Then the recommendations to their friends and families will also drive more income, and the cycle continues.
4 Ways to create experiences that customers will talk about
Before we discuss how to create unforgettable customer experiences, we have to understand the 5 stages of the customer journey.
In my story, ask yourself- what made the guest’s experience so memorable at this resort?
It was how every member of staff was trained to notice and act on the trails of the information left by the guest.
If they noticed it was a guest’s birthday, they would immediately order a cake from the city to have it personally delivered at the eating hall. If a guest ordered tea and they noticed they had a sweet tooth, they would always serve biscuits with their tea without the guest asking.
This is only one example at a micro-level. At a larger scale, each consumer will be at a different stage in the customer journey. Would it make sense for you to offer a free demo at the awareness stage? Or a product demo video at the retention stage? It wouldn’t, so remember, to be attentive of where your customers are on their journey before addressing them.
There’s nothing more flattering than a friendly greeting, and every person likes the sound of their own name. It’s a form of personalization that takes place at a micro level can but kickstart a meaningful and treasured interaction.
Personalized customer experience is something that is expected from the customer nowadays. In fact, 63% of customers expect to receive a personalized experience. Think about a time when you went to your favorite coffee shop, and you started to become a regular, so the team of baristas began recognizing you and remembering your order. Didn’t that make you feel special?
The same can happen in a digital landscape, and can be achieved through automated email marketing, or even more effective- through a chatbot.
Chatbots can send customers personalized messages and broadcast offers based on demography and previous purchase history.
You can take this a step further by adding a live agent into the mix as well. After the initial discussion with the chatbot, the conversation can get directed to a live agent to take the interaction a step further. But remember to use a platform, like Engati, that provides agents with rich chat histories and interactions.
Do you or your staff regularly walk customers to the door and open it for them as they're leaving? Do you or your employees regularly help customers carry their purchases to their car, particularly "women of a certain age" or anyone who appears frail or a bit unsteady on their feet? If you have a waiting room and some of your clientele are older, do you have chairs that are a bit higher than usual and have arms on them so they are easier to get in and out of?
When customers buy something that includes an outside component that's integral to its use or makes it more user-friendly, do you ask if they have that thing or if they still have enough of it left? For example, if you sell birthday cakes, do you have candles to go with it? If you have a pediatric dental practice, do you have a little stepstool in the bathroom so the child can reach the sink? If you have a business that makes keys, do you have something that could be put on the key to identify it so the customer will always remember what the key is for?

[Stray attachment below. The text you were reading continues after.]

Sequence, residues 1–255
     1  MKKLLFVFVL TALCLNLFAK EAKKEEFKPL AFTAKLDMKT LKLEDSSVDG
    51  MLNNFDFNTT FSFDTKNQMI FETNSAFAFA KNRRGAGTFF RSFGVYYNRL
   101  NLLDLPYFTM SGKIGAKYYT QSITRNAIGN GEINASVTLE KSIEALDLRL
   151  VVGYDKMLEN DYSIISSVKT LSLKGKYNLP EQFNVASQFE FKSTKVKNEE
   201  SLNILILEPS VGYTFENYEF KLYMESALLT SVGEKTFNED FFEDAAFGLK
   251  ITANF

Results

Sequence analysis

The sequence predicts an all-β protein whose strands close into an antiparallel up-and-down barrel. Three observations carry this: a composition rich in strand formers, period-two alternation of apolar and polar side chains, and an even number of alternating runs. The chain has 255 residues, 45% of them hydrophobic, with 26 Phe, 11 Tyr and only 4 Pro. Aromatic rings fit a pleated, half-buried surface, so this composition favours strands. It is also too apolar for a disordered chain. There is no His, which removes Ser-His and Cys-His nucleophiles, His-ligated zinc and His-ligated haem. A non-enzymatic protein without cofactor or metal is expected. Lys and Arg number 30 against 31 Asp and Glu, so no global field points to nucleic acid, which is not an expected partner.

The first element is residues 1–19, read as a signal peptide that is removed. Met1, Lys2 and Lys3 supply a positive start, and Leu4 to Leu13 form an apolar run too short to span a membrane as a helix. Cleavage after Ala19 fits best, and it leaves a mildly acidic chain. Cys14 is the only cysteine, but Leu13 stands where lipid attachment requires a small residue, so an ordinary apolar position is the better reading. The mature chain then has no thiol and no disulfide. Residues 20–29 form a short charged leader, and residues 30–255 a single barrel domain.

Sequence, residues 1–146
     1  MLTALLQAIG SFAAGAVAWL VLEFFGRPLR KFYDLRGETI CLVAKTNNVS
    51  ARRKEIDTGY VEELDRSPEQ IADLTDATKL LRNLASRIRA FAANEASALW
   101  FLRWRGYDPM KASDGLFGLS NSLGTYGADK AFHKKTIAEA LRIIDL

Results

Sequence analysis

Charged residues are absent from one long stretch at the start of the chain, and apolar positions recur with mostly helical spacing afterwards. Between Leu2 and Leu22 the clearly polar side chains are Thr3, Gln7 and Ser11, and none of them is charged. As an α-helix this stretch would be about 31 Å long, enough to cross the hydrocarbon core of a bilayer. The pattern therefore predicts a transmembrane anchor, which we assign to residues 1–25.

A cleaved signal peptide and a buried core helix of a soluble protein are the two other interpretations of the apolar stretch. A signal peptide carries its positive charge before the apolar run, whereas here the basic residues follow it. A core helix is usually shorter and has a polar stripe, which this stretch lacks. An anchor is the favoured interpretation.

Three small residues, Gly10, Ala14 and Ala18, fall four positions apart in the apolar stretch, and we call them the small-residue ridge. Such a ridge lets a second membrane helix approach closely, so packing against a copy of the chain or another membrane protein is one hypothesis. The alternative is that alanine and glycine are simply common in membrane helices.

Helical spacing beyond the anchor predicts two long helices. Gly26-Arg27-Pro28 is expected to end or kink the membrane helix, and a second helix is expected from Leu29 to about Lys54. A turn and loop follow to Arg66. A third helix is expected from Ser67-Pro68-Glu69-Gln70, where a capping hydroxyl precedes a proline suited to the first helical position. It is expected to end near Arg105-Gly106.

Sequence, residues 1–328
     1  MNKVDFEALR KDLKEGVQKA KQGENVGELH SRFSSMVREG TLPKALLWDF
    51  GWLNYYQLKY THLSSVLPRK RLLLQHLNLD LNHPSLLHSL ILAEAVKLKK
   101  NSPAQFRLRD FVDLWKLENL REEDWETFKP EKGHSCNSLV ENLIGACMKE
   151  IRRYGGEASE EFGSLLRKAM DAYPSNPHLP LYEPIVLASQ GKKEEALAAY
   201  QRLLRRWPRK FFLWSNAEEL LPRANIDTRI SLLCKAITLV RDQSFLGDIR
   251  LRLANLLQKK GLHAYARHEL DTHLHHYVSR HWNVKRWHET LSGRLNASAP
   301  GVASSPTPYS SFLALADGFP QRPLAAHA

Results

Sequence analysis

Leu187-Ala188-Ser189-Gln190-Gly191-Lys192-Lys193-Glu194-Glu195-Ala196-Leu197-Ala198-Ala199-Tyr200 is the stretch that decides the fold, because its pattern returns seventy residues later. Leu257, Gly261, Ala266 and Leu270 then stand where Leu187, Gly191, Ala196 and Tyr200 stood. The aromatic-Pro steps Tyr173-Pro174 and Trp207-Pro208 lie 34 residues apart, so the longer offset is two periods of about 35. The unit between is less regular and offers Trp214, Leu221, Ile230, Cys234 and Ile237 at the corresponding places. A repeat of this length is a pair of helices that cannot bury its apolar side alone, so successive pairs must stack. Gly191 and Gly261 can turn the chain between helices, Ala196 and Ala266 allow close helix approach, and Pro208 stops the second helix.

Next is appreciation- what do you do to show your customers, your clients or your patients that you appreciate them? After all, there are probably several other businesses that do what you do. Do you show the customers who choose to patronize you that you value and appreciate their business? Feeling appreciated is an experience that is universally meaningful.
You could invite special customers to a sale a day earlier than the general public or you could have an invitation-only event one evening and give "VIPs" an additional X percent discount. You could gift-wrap their packages or periodically give them that thing they often buy for free. If you're product is a service, offer a free check-up.
Always be sure to let them know that you are extending this extra to them because they are a valued customer and you want to show them that you appreciate them. And one of the easiest and most overlooked ways to show them appreciation is to send a handwritten note on lovely stationary.
The easiest way to create an unforgettable experience is to go above and beyond your customer’s expectations. A simple way to ensure this is by the underpromise-overdeliver method. The method is to go above and beyond for them. That’s easy to do if you underpromise and overdeliver.
For instance, instead of promising customers that their customer support emails will be answered in less than 24 hours, promise that they’ll be answered in less than 48 hours. Then, when their problems are solved much sooner than they expected them to be, your customers will be over the moon.
Creating a customer experience that gets people talking isn’t just about answering customer emails promptly and offering a great return policy. Rather, it’s about truly connecting with your customers and showing them that your company cares.
Put a smile on their face and in their heart. You can do something special for their child, their parent, their pet. Make them laugh, thank them in a showy way for a major purchase, have a contest or a drawing for something fun that they could share with family and friends. Serve warm, freshly baked cookies in your office, give their child a bunch of balloons, offer a nice snack mid-afternoon.